On the 26th, a guard came around with a list of names, and was telling certain prisoners: "Pack up. Get your stuff together, you are moving."
That was it. No explanation.
In this building there are about 247 prisoners, and only 48 of us were told to pack up. After we began, we were told we were going to the gymnasium. There was confusion, we could see, in the guards. At first, we were told to take our things with us, then told to put our things in the dayroom (where the dorm's classes had been taking place up until about April), and then it became urgent, and we were told to go, don't worry about our things.
In my case, I have my typewriter, TV, radio, Android Tablet, things like my photo album, my groceries, clothing, etc. I was at my cell door, watching, and apparently was one of the last on the list. When he came to my door, I thought for sure he'd say my cellie's name, because he had been sick -- coughs, fever, the works -- but, no, he said my name. And, my immediate thought was: Fuck, really? Seriously.
All the cells on my row had been searched by contraband officers a few weeks prior, and all the guys had gotten coughts and fevers less than three days after. I could hear all of them coughing and wheezing at night. A lot of the guys documented the officers' names who had contaminated them, and have started preparing for the lawsuits to come. Using the same gloves all day, prisoner to prisoner, cell to cell, was a big mistake. Now guys are dead.
At the call of my name, I though, "Dammit. I am the only mother-fucker on the row that wore his mask, washed it properly every day, and stayed the hell away from everyone -- and I sick? Really!"
Everyone else was yelling, "Get them outta here."
We were the infected, being taken for qurentine.
48 out of 247 sounded about right, statistically, and it was obvious that the test results of our brain-scrapings had come back. The guys in the cells still, were relieved. They had dodged a bullet. Or so they thought.
In fact, we discovered, two dorms about 500 prisoners had been tested, and 348 tested POSITIVE for COVID-19, with our little group being among the few, that tested NEGATIVE.
From my area of the building, only about 12 were negative, EVERYONE else was COVID-19 positive. We sat in the gymnasium for most of the day, and then, finally sent back to get our things and move to different cells -- separated from the infected on what is now being called:
COVID-19 DEATH ROW
Where the guys are stuck, waiting to see if they will live or die. Some finish their prison sentence next month. One I know that, I think is now dead, was in prison for stealing two 12 packs of Pepsi from a woman's carport (he was given Life No Parole, because it counted as burglarly, and was his second offense). He was old, and nonviolent. Too many people are oversentenced. A lot of these guys could be let out of prison. S.C. parole eligibility needs to be discussed.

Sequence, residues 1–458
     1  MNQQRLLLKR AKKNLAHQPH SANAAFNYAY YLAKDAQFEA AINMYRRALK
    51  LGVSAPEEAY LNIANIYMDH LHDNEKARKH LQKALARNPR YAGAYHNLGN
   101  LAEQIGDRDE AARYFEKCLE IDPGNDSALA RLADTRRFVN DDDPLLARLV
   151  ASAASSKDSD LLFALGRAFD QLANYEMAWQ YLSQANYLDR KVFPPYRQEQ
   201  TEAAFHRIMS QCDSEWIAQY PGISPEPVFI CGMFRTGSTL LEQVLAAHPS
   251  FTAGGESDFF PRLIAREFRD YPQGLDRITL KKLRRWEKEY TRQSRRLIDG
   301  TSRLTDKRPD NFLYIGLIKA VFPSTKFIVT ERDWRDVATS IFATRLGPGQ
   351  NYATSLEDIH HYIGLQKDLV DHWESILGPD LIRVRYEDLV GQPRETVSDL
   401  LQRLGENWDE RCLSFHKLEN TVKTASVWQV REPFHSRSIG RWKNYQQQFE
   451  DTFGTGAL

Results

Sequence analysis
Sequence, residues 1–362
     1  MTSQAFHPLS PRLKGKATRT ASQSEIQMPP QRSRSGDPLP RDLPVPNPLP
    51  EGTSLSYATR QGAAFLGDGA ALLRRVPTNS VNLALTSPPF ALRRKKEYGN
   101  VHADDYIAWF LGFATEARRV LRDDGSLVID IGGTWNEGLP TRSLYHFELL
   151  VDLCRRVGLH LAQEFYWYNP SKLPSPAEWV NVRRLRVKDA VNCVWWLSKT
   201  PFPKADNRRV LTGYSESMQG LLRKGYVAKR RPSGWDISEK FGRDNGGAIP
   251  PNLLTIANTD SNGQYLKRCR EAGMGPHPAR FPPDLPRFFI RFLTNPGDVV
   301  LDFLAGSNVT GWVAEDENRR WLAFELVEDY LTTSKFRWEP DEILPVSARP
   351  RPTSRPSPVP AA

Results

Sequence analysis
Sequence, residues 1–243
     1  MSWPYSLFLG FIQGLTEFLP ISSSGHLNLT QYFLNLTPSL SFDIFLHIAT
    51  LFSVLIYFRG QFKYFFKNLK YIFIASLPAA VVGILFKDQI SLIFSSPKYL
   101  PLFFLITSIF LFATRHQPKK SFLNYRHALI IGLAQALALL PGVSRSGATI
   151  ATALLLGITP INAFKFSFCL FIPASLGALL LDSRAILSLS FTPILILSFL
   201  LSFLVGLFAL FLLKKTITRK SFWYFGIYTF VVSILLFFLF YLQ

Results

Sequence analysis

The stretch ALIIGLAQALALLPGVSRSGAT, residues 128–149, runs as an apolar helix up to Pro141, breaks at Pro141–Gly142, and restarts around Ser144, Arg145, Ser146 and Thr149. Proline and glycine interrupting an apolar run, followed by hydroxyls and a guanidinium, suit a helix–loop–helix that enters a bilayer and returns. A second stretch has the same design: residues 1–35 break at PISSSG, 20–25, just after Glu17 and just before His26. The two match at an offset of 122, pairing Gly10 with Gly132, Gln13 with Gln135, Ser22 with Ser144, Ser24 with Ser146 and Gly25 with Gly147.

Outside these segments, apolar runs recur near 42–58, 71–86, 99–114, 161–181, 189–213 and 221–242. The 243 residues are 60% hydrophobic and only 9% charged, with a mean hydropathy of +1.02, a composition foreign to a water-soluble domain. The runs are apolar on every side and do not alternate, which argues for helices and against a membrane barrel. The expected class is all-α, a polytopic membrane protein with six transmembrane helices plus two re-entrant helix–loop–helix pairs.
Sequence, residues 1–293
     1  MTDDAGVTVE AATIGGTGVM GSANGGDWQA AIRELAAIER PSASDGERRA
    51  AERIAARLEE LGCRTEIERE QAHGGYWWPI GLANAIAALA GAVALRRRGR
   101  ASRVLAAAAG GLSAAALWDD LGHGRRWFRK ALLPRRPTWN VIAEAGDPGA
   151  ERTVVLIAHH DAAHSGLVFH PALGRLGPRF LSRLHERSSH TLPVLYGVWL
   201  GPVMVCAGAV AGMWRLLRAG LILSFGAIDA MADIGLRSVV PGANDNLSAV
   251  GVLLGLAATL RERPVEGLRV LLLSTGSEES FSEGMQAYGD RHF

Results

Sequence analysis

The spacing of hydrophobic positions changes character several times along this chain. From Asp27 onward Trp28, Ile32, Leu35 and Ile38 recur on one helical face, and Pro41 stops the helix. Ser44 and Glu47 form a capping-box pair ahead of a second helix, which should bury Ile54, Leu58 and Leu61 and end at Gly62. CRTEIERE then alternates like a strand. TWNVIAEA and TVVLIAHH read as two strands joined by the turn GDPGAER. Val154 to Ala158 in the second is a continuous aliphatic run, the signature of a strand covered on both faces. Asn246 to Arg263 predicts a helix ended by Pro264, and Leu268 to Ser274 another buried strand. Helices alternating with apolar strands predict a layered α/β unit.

I was relieved to find out I was negative, but the idea of the others, nearly 200 in my building alone, being positive, was a crazy unfathomable. When I went back to my cell to finish getting my things, guys in the building were finding out that it was they, who were COVID-19 positive. Many expressed anger at the unconsciounable way SCDC staff, especially the lower ranking guards, had handled the whole COVID-19 threat.
My Cellie was an elderly man, who has been in prison for almost 30 years, and has a clean disciplinary. Never been in trouble. Never stolen anything, or got in a fight, or even spoken down to a guard. The state won't make him parole eligible, and now, he sits there on COVID-19 DEATH ROW, waiting.
I have been writing for many years about the need of prison reform, but now it needs to be discussed more than ever as all of the prison is in true danger of death. I am still worried about getting sick, and wash my mask, and wear it when people are near my cell. Guards still come by, but now they seem to take it a little more serious after having to carry out dead bodies. They realize they expose us, and potentially murder us, when they don't wear masks.
We don't even have access to bleach.
We have our tablets, and I can call home. I've been able to stay in contact with my family via:
where people can send messages straight to my table. Right now, family is important. I have five kids, some now with their kids, and I want to live to meet my grandhildrem. I have a great woman that loves me, adn she still prays for me to one day be releasted so we can be together. I am not some abandoned hermit. I never lived as a criminal. I was not sentenced for the dath penalty. Yet, here it is, in the air. Its on the hands of guards who keep me locked away.
The warden here is actually a good guy, and I know he was unaware of how some of his employees were acting. Guards should have taken it more seriously, and when they encountered a prisoner not properly wearing their mask on their face, or worse, on their head idiotically with a shit-eating-grin, they should have delt with them. But, the prison has too many people. A building desinged for about 125 has 247, because single-prisoner cells were converted to to-man cells. Many years ago, a top bunk was welded to the top of every bed, a triple bunk in some cells, making them three-man cells.
I hope lawmakers see this problem.
Even now, guys who tested positive are serving out food and cleaning the building. "Run arounds" they call them. Guys who take out the trash and do menial tasks. It worries those who are negative.
I will be curious to see what law firm picks up this case, to begin the lawsuit. But for me, I just want parole eligibility. A chance to earn it. Something. Because this is not humane. We need help. People are dying unwarranted deaths. Grandfathers, fathers, brothers, sons lost. And for what? An eye for an eye? Revenge? The nurses didn't even come back to tell us our official test results until September 5th.